The Economic Commission for Africa is organizing a session to discuss transboundary infrastructure development on the continent during the Annual Conference of the Nigerian Bar Association that begins in Lagos, Nigeria, this weekend.
A five-member high-level panel will lead participants in discussing issues that include investment and transboundary infrastructure projects in Africa; political, legal and policy issues which need to be addressed to achieve regional integration; laws and policies needed to support transboundary infrastructure projects and the role they play in institutionalizing Africa.
Adeyinka Adeyemi, Senior Advisor and Head of the Regional Integration and Infrastructure Cluster in the ECA’s Capacity Development Division, will lead discussions with his presentation focusing on how the ECA and its partners have worked to ensure such projects are a success following the 2014 Dakar Summit on Infrastructure Financing in Africa.
“Our main point of interest in organizing the session at the conference is the presence of Africa’s Attorneys General and lawyers from all over the world, especially Africa, so we can present to them the Model Law that the ECA and NEPAD have come up with following a request to do so by the African Union as they try to address issues hampering transboundary infrastructure development on the continent,” said Mr. Adeyemi.
Following the Dakar Summit on Infrastructure Financing in Africa where 16 infrastructure projects for the continent’s integration were endorsed, the private sector has been reluctant to invest, citing a number of problems they said made it difficult for them to put money into transboundary infrastructure development.
African leaders in 2016 then tasked the ECA and the New Partnership for Africa's Development (NEPAD) to develop a framework that would harmonize laws across the continent to make it easier for the private sector to invest in transboundary infrastructure. The result was the Model Law that will be endorsed by African Heads of State at their January Summit in Addis Ababa.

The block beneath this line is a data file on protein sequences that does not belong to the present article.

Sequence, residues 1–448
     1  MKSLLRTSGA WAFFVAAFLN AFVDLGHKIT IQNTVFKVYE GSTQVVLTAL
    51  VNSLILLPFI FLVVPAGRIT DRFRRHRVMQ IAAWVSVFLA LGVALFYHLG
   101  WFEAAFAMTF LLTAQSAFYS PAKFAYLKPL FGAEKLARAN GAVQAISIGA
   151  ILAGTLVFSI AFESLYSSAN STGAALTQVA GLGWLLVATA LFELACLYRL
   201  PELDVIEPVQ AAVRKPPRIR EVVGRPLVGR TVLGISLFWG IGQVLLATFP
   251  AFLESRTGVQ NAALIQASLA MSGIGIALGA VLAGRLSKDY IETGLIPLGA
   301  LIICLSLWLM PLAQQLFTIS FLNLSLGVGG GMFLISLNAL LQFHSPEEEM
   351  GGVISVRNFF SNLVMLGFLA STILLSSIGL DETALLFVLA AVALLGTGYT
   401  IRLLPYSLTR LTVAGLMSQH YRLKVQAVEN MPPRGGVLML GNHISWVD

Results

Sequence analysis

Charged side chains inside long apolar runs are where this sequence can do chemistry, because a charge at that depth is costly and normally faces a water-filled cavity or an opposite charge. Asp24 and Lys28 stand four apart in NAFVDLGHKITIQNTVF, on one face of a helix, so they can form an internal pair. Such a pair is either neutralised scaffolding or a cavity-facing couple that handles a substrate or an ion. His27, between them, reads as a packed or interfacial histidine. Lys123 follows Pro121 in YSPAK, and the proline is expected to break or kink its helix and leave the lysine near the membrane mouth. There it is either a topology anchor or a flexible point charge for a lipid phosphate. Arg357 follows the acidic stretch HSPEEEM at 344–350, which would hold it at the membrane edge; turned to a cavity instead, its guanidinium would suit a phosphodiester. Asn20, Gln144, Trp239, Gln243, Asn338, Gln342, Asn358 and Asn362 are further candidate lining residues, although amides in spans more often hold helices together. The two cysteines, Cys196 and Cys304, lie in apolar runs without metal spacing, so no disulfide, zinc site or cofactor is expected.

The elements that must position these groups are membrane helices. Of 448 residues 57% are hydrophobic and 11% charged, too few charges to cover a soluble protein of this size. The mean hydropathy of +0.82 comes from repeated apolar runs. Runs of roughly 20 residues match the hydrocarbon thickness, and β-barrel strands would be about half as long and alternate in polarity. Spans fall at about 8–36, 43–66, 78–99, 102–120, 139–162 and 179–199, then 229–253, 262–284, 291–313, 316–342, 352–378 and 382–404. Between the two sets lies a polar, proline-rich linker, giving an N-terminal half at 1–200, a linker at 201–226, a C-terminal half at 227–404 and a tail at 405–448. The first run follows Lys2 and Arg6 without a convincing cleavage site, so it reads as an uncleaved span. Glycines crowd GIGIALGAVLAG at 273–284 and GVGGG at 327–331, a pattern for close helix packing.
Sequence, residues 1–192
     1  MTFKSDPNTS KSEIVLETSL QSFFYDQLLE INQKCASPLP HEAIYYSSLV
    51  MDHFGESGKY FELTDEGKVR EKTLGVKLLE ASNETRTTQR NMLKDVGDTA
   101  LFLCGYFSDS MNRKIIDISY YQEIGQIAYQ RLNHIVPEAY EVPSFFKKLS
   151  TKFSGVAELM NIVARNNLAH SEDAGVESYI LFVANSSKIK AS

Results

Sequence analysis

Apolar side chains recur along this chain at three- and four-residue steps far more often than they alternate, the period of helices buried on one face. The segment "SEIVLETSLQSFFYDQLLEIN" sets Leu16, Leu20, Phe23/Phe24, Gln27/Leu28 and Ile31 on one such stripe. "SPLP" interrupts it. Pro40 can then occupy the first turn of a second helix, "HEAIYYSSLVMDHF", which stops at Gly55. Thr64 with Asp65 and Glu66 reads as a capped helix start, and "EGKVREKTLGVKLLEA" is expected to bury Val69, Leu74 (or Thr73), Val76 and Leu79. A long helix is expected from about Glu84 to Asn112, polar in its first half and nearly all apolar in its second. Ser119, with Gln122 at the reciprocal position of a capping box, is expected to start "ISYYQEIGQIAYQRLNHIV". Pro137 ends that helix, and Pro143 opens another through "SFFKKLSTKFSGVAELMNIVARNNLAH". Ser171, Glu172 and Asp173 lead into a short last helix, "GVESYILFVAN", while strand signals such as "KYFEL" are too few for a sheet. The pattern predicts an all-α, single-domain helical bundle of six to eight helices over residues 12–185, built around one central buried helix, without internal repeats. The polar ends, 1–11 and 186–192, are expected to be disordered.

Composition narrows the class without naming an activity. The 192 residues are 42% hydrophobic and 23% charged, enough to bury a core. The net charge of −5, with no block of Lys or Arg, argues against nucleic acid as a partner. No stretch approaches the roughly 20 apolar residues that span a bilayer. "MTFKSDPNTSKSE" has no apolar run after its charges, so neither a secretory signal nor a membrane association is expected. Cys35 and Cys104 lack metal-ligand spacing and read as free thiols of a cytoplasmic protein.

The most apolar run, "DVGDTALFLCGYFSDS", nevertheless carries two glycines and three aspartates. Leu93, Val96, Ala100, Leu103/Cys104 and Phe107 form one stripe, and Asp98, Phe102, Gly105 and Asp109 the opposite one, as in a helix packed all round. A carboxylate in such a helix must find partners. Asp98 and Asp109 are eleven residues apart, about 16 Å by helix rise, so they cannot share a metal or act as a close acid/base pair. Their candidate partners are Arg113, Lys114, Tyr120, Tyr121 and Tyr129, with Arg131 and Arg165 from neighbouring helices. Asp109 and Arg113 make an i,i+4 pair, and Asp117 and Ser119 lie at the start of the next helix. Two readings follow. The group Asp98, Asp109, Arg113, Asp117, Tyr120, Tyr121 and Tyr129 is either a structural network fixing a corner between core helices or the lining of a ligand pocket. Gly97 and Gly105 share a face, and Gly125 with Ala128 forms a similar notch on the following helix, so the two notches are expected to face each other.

It deals with the issues and concerns raised by the private sector in its interactions with NEPAD and ECA experts and these include issues of transparency, dispute resolution, project ownership, project preparation and others they considered as risks.
“These issues vary from country to country and if we have a Model Law that says this is it for Africa and is owned by the African Union then we make it easier for them to invest in transboundary infrastructure development,” said Mr. Adeyemi.
ECA experts will discuss the Model Law with the Attorneys General and other senior government advisors and lawyers attending the conference.
“Once the law is endorsed by the Heads of State, then countries will have to domesticate it by integrating it into their own laws and most of the people who would help do that will be found in this one place,” added Mr. Adeyemi.
Also on the panel are Emmanuel Nnadozie, Executive Secretary of the African Capacity Building Foundation (ACBF), Akshai Foforia, a partner at Pinsent Mason Law Firm, Makane Mbengue, Professor of Law at the University of Geneva and Sylvian Boko, Principal Regional Advisor and Head of Development Planning and Statistics at the ECA.